The union Community has stated they are investigating “wrongdoing” after Clarks allegedly utilised agency workers to cover a strike.

Clarks, a shoe retailer, has come under fire after allegedly covering a strike using agency workers.

Staff in a Clarks warehouse in Somerset began the strike in October after the company announced a fire and rehire policy with staff claiming this would leave them with “worse money and conditions”.

A spokesperson for the company explained Clarks’ decision:

Westway [in Somerset] has a two-tier workforce with staff doing the same jobs working side by side on different rates of pay and terms.

Those employed many years ago have significantly better terms than their colleagues which is unsustainable for us.

However, Community have since reported one particular instance to the Department for Business, Energy and Industrial Strategy (BEIS), stating the agency worker was hired as a general worker but was seen driving a forklift – a duty typically carried out by a Clarks worker on strike.

Under the Conduct of Employment Agencies and Employment Businesses Regulations 2003, companies are not allowed to hire temporary workers to perform duties normally carried out by workers on strike.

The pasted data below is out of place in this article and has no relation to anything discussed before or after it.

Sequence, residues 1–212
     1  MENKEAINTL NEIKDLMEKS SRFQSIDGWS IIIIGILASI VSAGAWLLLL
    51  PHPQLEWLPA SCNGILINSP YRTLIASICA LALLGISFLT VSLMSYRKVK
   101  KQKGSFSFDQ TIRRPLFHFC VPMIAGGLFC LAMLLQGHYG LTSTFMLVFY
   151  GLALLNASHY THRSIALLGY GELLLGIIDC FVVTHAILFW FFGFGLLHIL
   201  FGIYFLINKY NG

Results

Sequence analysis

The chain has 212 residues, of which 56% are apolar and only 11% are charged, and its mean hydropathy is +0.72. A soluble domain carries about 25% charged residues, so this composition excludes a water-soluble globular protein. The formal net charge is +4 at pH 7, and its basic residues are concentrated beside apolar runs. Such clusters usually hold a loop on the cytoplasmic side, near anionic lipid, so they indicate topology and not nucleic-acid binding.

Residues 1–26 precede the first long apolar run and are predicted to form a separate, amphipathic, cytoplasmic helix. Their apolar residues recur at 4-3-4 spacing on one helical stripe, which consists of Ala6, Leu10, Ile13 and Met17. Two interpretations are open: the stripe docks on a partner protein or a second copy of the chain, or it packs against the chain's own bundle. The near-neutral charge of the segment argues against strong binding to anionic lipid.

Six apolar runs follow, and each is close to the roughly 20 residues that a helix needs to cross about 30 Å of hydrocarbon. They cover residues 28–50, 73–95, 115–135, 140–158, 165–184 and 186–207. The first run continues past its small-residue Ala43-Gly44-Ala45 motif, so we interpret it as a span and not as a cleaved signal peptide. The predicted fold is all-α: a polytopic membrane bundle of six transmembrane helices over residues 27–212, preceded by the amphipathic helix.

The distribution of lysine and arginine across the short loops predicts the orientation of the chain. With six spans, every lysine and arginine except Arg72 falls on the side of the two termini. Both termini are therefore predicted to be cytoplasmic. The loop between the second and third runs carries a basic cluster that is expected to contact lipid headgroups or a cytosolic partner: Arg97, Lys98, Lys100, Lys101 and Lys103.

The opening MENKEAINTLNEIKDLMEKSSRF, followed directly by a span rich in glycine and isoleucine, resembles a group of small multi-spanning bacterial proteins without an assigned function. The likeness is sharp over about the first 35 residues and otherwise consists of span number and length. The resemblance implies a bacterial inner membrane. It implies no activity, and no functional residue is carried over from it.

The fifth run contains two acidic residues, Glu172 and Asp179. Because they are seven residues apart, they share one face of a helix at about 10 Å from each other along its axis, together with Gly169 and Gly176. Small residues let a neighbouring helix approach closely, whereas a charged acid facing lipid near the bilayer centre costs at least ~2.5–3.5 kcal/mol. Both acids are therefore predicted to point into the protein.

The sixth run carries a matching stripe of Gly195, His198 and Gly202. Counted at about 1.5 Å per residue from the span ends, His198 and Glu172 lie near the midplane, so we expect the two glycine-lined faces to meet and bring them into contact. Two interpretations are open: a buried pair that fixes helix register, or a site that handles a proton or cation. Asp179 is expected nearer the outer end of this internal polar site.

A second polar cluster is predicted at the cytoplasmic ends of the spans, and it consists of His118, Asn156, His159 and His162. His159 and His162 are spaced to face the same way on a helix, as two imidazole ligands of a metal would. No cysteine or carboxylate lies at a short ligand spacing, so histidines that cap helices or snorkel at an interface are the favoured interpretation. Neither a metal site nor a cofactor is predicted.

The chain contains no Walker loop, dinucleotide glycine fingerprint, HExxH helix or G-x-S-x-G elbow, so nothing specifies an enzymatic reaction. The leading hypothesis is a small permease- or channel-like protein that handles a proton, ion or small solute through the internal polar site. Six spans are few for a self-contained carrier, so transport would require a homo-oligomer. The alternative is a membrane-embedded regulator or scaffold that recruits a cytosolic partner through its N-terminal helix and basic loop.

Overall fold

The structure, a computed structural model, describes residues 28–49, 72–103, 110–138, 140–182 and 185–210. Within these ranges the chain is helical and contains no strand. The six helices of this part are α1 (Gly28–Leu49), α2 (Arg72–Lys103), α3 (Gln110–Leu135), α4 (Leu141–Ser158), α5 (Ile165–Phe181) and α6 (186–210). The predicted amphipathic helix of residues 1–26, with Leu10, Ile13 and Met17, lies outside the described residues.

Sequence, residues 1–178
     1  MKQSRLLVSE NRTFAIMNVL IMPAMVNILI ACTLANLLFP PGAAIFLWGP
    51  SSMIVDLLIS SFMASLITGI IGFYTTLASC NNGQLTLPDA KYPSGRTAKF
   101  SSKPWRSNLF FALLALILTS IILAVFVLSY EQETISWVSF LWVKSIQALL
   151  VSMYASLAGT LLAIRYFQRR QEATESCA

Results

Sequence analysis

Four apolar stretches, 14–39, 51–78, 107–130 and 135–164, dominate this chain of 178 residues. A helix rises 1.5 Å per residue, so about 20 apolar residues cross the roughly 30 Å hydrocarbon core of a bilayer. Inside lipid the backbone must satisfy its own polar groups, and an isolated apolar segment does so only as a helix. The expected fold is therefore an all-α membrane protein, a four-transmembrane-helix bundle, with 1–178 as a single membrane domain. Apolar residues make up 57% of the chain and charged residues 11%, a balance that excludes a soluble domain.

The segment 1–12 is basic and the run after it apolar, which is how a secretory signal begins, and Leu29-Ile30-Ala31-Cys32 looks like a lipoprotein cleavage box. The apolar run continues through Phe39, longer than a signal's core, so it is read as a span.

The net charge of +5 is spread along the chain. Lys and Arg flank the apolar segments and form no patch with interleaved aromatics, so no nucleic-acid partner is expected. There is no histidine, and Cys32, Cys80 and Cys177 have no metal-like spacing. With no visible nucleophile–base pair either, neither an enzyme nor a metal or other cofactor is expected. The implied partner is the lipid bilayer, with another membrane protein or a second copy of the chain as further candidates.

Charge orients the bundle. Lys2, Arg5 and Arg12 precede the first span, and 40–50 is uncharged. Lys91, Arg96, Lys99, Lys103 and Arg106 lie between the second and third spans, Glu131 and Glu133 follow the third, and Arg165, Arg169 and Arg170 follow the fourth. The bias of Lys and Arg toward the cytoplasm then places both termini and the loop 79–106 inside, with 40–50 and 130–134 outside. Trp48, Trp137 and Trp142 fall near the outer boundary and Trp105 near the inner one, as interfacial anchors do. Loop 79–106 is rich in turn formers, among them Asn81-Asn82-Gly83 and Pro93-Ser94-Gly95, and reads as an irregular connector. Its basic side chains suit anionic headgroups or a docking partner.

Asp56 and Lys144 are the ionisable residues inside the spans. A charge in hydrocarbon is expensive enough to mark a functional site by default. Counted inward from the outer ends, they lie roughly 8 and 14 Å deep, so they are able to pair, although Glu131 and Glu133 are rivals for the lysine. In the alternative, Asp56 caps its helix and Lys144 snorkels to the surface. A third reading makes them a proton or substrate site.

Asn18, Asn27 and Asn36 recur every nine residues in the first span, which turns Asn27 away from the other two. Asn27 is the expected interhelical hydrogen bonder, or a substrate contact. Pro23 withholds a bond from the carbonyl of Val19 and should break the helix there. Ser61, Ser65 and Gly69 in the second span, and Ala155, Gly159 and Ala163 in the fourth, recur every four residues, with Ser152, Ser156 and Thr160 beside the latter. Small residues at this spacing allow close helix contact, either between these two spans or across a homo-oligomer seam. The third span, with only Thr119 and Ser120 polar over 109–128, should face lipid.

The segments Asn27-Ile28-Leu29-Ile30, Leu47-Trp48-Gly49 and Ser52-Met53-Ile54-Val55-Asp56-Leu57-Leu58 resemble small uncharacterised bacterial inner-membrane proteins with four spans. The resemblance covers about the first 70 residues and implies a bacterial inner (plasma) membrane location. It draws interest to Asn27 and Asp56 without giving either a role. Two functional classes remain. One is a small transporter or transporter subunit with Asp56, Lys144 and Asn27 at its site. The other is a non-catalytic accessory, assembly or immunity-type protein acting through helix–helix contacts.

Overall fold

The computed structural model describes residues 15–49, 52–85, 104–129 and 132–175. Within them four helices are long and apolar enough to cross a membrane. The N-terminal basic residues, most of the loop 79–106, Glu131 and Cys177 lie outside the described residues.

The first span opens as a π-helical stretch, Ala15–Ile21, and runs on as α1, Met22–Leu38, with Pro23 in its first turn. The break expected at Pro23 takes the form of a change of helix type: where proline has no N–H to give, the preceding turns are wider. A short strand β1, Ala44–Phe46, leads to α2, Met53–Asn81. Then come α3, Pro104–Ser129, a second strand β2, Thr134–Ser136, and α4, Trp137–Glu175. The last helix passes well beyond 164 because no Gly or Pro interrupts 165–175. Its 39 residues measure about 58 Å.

In a statement, a spokesperson for Clarks denied this, stating:

Right throughout this period of industrial action, Clarks has been acting according to the law. Clarks is not using agency workers to cover employees who are on strike.

Clarks continues to be in regular communication with Community and since the start Clarks has offered to make details of agency worker numbers available to them to provide reassurance.

However, Community has maintained it will “[continue] to investigate further wrongdoing and will appeal this with the relevant agencies wherever it may be found.”

Neil Carberry, Chief Executive of the Recruitment & Employment Confederation, commented on the case:

Using agency workers to break a strike is illegal.

No client of a recruitment agency should be asking them to break the law by supplying workers for this purpose.

Agencies should be careful to do their due diligence as they always would, and the REC’s legal services are available to help members if they have suspicions.

But ultimately it is the client’s responsibility to ensure they and the agency workers they engage are not breaking the law.





Monica Sharma is an English Literature graduate from the University of Warwick. As Editor for HRreview, her particular interests in HR include issues concerning diversity, employment law and wellbeing in the workplace. Alongside this, she has written for student publications in both England and Canada. Monica has also presented her academic work concerning the relationship between legal systems, sexual harassment and racism at a university conference at the University of Western Ontario, Canada.